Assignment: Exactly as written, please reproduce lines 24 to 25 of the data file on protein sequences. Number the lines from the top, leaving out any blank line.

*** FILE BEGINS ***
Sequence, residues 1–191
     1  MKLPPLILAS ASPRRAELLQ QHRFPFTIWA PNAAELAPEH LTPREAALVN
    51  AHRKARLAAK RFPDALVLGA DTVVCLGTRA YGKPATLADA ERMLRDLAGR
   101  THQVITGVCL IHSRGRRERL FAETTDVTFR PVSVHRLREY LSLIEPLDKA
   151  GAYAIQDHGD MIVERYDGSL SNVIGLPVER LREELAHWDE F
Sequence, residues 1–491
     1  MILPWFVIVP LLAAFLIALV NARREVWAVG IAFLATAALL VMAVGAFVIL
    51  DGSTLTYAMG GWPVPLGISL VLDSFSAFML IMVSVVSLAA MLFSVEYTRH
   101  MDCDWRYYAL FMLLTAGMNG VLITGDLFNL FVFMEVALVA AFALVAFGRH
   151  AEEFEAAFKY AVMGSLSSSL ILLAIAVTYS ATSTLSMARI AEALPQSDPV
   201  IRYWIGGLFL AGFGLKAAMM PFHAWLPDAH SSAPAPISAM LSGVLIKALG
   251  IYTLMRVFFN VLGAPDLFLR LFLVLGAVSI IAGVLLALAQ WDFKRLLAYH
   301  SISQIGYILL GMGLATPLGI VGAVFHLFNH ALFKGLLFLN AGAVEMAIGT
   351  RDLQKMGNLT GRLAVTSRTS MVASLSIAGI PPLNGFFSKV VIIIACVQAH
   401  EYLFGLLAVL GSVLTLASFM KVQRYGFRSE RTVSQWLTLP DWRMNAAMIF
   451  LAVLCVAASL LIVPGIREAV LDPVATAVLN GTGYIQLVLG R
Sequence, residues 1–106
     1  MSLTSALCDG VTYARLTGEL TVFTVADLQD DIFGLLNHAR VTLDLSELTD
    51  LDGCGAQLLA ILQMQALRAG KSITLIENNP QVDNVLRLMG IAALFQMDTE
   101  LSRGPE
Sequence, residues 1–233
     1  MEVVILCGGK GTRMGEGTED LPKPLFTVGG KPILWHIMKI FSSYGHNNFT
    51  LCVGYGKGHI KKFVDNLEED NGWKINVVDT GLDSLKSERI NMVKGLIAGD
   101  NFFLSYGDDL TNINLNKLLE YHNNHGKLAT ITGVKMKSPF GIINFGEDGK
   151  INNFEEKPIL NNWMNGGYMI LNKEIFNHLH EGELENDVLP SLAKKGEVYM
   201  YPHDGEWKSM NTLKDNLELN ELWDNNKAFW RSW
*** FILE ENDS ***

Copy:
   101  NFFLSYGDDL TNINLNKLLE YHNNHGKLAT ITGVKMKSPF GIINFGEDGK
   151  INNFEEKPIL NNWMNGGYMI LNKEIFNHLH EGELENDVLP SLAKKGEVYM